If only films had been preserved as well as literature. Imagine, for example, some of S.J. Perelman or Robert Benchley's earliest books not surviving. Seems preposterous, but here we have MGM's second full-length musical, Chasing Rainbows, and the biggest music segments (in early Technicolor, yet) are missing. This is the movie that presented the song "Happy Days Are Here Again" to the world - and that song is missing.
Because of this, it's difficult to determine how good of a musical Chasing Rainbows is. What we have left seems, to my mind, not as focused or driven as MGM's earlier The Broadway Melody, but also not without charms.
A very young Jack Benny plays the ringmaster, the stage manager of a touring road show. Bessie Love is teamed again, as in The Broadway Melody, with Charles King. Marie Dressler and Polly Moran are the comic relief.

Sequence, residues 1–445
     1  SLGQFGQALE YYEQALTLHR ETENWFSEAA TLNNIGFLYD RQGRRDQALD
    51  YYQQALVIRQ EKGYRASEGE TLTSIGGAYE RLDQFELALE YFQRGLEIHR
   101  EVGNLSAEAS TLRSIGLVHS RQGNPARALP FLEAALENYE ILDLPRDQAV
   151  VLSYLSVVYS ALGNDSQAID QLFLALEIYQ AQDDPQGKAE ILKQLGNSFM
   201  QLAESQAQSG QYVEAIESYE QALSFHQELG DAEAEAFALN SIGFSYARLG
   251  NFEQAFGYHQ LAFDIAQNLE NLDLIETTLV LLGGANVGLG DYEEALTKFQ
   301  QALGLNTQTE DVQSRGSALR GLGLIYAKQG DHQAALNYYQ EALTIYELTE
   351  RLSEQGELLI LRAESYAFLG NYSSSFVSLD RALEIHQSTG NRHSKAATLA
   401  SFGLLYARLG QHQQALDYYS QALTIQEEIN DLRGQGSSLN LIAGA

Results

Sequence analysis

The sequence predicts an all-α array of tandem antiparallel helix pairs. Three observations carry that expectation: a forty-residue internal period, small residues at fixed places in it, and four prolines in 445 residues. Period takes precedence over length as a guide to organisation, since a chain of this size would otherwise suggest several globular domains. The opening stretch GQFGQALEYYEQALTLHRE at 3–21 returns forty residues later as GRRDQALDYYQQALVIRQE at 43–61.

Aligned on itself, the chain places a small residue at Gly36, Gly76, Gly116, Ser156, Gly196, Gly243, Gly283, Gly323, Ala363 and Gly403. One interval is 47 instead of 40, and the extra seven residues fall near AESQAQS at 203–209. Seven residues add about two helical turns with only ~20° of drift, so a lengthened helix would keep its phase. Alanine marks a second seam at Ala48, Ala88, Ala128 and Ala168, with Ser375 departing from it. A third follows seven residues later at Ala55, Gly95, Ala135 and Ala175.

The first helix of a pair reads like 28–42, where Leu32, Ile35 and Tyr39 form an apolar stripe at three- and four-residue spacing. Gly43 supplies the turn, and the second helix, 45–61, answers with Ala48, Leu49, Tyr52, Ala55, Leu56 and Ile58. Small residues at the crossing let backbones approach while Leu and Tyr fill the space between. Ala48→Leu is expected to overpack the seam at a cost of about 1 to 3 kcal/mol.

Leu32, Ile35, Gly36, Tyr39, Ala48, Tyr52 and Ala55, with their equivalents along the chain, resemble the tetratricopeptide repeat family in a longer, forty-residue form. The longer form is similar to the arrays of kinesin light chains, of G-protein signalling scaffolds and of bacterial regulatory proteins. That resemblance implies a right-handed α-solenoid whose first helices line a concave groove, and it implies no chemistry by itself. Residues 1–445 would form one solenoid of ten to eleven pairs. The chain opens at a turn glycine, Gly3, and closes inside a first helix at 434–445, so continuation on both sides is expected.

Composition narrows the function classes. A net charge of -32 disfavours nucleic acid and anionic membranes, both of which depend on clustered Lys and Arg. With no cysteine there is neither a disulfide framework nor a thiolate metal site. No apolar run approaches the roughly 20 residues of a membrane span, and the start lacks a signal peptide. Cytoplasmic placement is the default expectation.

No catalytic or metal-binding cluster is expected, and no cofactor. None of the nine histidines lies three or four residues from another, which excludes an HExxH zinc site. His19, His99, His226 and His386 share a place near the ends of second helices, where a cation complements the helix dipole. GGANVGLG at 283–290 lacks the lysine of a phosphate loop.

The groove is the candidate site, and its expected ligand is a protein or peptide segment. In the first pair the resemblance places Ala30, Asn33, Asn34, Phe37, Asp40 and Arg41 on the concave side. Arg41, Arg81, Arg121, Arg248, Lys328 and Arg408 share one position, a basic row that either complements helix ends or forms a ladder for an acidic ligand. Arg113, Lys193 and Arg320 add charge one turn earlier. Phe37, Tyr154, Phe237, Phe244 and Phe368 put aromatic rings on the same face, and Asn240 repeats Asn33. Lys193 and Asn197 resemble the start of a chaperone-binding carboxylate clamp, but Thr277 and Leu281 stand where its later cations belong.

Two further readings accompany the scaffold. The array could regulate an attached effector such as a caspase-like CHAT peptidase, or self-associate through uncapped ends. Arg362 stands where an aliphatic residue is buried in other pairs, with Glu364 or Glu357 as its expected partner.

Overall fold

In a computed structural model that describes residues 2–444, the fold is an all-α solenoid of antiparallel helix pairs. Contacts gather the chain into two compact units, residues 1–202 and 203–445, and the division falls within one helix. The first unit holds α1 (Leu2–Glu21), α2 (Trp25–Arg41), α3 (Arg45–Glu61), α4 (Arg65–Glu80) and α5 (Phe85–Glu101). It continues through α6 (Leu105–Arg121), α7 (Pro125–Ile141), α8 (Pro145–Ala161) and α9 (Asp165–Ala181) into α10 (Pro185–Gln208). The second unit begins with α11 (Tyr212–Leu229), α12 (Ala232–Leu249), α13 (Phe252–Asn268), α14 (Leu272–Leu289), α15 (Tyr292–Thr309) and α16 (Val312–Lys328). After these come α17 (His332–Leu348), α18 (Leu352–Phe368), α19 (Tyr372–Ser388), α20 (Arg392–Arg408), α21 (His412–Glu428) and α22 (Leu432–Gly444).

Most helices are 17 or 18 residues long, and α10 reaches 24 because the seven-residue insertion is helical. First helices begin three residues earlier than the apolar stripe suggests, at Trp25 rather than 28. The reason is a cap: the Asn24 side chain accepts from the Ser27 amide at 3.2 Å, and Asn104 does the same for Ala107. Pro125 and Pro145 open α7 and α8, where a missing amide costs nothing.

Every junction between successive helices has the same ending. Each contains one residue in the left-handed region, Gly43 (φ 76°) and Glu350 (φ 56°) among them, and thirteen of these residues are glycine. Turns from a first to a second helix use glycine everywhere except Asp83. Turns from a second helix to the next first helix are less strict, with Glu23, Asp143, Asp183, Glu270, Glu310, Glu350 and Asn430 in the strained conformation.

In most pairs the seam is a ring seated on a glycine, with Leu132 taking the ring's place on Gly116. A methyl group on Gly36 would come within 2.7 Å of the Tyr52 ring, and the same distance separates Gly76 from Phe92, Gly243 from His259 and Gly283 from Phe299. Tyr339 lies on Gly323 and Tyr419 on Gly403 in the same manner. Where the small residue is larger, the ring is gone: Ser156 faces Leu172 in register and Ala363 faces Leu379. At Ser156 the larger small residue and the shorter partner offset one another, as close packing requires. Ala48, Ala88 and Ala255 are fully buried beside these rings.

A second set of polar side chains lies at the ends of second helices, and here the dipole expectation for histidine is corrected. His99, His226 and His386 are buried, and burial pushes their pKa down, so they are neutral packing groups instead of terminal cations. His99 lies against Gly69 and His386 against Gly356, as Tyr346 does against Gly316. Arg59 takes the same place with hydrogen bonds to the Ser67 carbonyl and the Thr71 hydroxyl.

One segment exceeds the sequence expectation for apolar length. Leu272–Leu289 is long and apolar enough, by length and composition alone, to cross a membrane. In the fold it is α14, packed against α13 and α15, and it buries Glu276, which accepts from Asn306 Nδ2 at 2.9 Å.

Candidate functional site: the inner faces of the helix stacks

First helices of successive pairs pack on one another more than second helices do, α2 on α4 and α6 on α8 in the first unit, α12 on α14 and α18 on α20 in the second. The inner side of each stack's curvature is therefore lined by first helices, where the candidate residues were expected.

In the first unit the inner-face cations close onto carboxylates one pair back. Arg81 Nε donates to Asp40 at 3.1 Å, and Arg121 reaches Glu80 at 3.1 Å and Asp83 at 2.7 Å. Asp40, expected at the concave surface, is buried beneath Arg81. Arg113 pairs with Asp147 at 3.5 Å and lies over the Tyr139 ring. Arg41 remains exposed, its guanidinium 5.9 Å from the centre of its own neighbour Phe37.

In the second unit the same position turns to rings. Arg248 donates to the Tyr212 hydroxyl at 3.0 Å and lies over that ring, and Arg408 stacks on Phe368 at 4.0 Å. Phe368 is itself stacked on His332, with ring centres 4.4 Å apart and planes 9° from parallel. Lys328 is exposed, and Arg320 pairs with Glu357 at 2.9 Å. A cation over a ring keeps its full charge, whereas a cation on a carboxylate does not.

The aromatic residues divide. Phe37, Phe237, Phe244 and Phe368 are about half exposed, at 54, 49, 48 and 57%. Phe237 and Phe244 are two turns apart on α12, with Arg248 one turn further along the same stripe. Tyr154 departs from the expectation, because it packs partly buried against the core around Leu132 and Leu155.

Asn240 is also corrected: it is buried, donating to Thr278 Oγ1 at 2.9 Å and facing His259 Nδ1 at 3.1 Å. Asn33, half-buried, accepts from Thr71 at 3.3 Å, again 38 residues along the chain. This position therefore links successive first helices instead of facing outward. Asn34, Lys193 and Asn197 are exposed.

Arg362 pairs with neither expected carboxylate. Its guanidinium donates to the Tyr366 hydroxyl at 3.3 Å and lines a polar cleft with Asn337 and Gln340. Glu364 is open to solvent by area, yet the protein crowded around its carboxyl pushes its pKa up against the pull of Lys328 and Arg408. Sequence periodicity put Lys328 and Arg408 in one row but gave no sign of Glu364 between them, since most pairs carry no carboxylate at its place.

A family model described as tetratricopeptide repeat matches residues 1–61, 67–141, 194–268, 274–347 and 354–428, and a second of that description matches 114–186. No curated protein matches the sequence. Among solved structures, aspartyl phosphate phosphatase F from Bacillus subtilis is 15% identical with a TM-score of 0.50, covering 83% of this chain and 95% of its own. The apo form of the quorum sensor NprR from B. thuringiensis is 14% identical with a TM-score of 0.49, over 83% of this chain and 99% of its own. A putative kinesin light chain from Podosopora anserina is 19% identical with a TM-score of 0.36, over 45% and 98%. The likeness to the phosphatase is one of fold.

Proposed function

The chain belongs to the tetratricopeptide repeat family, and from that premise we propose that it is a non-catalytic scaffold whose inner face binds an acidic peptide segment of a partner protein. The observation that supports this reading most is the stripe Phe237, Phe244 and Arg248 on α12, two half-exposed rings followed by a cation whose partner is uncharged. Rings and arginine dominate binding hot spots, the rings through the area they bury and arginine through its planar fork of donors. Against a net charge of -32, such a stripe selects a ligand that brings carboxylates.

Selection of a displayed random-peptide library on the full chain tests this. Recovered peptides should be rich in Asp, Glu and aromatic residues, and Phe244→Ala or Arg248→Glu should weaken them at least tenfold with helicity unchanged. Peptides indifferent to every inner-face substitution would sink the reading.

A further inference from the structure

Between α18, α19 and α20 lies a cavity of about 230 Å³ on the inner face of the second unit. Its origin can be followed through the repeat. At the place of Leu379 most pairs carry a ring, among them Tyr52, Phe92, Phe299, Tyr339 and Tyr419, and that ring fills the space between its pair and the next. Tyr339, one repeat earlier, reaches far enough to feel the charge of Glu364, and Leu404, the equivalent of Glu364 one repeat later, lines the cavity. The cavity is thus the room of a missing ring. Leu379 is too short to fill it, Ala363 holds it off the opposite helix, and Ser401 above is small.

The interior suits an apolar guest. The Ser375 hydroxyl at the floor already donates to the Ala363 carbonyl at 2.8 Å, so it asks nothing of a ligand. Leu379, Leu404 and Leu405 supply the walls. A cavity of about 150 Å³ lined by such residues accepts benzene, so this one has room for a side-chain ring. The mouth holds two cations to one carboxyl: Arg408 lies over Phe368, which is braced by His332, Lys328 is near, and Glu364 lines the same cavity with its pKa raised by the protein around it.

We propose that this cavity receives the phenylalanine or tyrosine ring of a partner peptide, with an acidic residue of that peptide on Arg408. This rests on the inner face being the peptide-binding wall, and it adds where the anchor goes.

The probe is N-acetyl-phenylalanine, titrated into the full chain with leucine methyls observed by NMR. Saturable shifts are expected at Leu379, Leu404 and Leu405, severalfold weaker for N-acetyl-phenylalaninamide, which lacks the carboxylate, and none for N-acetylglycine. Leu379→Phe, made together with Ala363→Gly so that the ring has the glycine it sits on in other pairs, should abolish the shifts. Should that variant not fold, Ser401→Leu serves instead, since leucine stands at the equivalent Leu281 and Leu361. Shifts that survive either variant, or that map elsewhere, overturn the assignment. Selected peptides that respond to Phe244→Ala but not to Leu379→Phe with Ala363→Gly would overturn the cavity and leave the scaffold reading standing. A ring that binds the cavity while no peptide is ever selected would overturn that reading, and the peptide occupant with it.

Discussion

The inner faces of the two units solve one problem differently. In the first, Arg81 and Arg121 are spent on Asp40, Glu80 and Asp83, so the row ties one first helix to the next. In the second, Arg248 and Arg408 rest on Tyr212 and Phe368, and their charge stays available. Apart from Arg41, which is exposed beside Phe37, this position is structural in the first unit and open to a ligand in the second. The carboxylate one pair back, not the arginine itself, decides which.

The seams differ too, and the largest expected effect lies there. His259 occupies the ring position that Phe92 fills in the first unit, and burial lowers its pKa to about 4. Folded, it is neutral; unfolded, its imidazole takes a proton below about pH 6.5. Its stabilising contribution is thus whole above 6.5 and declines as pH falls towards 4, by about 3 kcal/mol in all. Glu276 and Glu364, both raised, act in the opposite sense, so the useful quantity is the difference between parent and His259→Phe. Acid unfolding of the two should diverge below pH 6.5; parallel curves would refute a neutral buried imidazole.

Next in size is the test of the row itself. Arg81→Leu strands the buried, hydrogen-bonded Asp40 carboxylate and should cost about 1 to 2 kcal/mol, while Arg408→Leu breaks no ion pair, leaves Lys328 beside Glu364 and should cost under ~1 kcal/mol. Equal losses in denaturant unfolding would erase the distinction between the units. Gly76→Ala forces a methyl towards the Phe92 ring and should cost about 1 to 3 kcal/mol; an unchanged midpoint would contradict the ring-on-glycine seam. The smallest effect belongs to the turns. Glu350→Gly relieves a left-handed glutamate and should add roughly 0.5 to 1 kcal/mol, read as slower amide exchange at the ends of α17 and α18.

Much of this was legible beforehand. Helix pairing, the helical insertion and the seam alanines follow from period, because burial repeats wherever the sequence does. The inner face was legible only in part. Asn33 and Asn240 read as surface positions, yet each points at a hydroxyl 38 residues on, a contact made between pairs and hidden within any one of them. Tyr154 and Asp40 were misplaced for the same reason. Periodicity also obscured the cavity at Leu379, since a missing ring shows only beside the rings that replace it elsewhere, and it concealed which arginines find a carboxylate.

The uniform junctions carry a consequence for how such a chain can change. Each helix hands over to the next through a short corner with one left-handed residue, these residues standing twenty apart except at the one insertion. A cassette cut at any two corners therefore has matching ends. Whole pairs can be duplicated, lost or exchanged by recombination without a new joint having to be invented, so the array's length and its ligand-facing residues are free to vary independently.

Jack Benny is fine for his role, but the problem is it isn't much of a role: the stage manager tries to keep the company on an even keel - and that's about as interesting as his character gets.
Bessie Love plays virtually the same role as in The Broadway Melody, jilted through most ofthe film by the clueless and weak Terry (Charles King), whose seduction by Nina Marten provides the movie's conflict. Love's big emotional scene is so acute, it's practically dropped in from a different movie.
You either find Marie Dressler and Polly Moran funny or not. I do - guilty as charged. Dressler was capable of both serious work and comedy (and singing, which she does in this film and which she did on stage years before she enteredthe movies) and Moran, with her expressive face and body language, had unexploited dramatic potential as well.
The version of Chasing Rainbows showing on TCM inserts explanatory title cards in the spots which have been lost to time. Still, several songs remain, all enjoyable.
This film has been released on Warner Archives DVD.